Construction of a new fieldhouse in Calgary will proceed despite Alberta’s decision not to pursue a bid to host the Commonwealth Games in 2030.
Coun. Terry Wong, vice-chair of the multi-sport fieldhouse committee, said the project was a priority before the potential bid even became public, and remains one today. However, it may be more difficult to secure provincial and federal funding for the estimated $380-million project without tying in one of the world’s biggest sporting events.
“The province needs to recognize that Edmonton has two coming on three (fieldhouses) — Calgary has zero and we need to provide those sort of facilities for Calgarians and southern Albertans,” he told Postmedia.
The committee approved the plan for a fieldhouse in Foothills Athletic Park in June, and it has been sent out for design. The facility will include an indoor track and field area, gymnasia and artificial turf field with flexibility for configuration for other sports. The city has committed $109 million toward the project, which has long been identified as a top need for the city. Funding from other levels of government will be required before construction can commence.
‘We’re in an Olympic city, but we need infrastructure upgrades’
The province announced on Thursday it was withdrawing support for a 2030 joint bid between Calgary, Edmonton, and Tsuut’ina and Enoch Nations on Thursday, citing a high degree of financial risk. Sport and Tourism Minister Joseph Schow said “it was not a good deal for Alberta.”
Catriona Le May Doan, president and CEO of Sport Calgary, said a number of other sporting facilities in Calgary either need replacement or renovation, including WinSport and the Canadian Olympic Oval, while a plan for a new events centre has been approved and a solution for McMahon Stadium still needs to be found.
“We’re in an Olympic city, but we need infrastructure upgrades,” said the former three-time Olympic speedskater and three-time medallist.
Le May Doan said events such as the Commonwealth Games are about more than an economic benefit, they are also about creating a stage for the next generation of athletes, coaches and officials to shoot for greatness or to be inspired to take up a sport.
To properly do this, the infrastructure is required.
“We’re not getting smaller, we’re getting bigger and different sports are emerging,” she said. “We need to make sure that we have that voice, that sport and getting people active is going to help our community, because we’re not in a good state of health — that’s mental and physical and social. And so we know sport changes that.”
‘It’s all fun and games until you’re stuck with the bill’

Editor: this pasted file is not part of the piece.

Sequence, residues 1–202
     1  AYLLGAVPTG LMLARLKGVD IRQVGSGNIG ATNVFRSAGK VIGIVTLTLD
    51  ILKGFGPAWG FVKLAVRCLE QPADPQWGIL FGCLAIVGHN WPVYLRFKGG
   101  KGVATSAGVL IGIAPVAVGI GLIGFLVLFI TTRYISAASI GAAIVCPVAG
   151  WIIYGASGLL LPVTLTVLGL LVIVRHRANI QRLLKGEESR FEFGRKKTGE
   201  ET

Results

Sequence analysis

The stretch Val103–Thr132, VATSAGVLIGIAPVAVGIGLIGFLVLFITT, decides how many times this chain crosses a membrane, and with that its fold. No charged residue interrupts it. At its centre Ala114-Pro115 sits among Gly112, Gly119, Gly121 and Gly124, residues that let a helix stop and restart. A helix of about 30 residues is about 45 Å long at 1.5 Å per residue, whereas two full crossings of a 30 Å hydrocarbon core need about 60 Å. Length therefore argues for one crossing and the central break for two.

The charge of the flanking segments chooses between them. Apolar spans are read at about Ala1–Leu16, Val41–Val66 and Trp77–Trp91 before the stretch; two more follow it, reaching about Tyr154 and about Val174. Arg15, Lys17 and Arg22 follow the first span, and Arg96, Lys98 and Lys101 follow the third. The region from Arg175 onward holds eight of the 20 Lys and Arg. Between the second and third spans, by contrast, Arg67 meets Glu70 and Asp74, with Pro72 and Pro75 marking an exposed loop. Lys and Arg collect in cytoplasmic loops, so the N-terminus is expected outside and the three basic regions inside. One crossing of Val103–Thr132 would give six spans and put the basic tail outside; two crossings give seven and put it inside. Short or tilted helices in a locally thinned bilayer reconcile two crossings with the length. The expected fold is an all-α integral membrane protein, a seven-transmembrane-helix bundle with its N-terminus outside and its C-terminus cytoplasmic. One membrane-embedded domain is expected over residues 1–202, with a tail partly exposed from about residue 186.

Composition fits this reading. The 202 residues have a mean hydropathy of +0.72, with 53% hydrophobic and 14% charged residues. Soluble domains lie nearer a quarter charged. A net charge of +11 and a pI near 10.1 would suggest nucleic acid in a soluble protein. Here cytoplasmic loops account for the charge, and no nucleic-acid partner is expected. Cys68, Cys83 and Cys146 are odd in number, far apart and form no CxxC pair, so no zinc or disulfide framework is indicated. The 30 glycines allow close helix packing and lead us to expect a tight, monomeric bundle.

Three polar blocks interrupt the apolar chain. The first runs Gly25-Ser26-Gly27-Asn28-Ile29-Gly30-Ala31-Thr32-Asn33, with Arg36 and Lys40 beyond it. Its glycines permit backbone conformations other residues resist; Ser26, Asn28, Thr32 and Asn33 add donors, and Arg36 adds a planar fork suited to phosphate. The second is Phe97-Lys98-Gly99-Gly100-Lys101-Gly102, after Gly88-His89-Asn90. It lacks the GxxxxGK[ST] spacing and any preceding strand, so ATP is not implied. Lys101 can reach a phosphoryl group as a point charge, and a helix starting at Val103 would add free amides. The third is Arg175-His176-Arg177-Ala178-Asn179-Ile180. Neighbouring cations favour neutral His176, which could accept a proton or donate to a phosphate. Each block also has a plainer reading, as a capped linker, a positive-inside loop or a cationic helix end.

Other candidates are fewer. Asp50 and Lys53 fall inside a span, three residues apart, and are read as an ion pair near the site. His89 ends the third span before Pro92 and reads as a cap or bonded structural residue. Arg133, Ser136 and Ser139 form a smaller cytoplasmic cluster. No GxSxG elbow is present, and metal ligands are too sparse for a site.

Calgary benefited following the 1988 Winter Olympics with a legacy of world-class facilities. Likewise, Edmonton emerged from the 1978 Commonwealth Games with top-tier venues such as Commonwealth Stadium.
Le May Doan was encouraged, however, that there is once again a minister with a direct portfolio to focus on sport and these conversations are happening.
The Canadian Taxpayers Federation applauded the move by the provincial government, following in the footsteps of the Australian state of Victoria, which two weeks ago backed out of hosting the 2026 Commonwealth Games after the budget almost tripled to more than $7 billion.
Province scraps bid to host Commonwealth Games
Calgary fieldhouse cost estimated at $380M as project nears design phase
Calgary’s field house project moving into design phase
Kris Sims, Alberta director for CTF, said there is little appetite among taxpayers to be on the hook for the tab when many are struggling to pay for housing and other essentials.
“It’s all fun and games until you’re stuck with the bill,” she said. “The Commonwealth Games and these large international sporting tournaments have a very bad scorecard when it comes to cost overruns, and the people paying the bills are the taxpayers of Alberta, of Edmonton, of Calgary, of wherever these games actually settle in.”
Carson Ackroyd, vice-president of sales for Tourism Calgary, said in an emailed statement that the organization understood the province didn’t think hosting these Games was a good fit, but said such events can play an important role.
“We continue to believe in the power of events to create meaningful economic and social impact in our community,” he said. “Our team looks forward to continued work with many partners, including the province and the city, to bring top events to Calgary year-round; events that attract world-class athletes, stimulate the economy and provide benefits to the community, such as further investment to enhance our sport facilities and infrastructure.”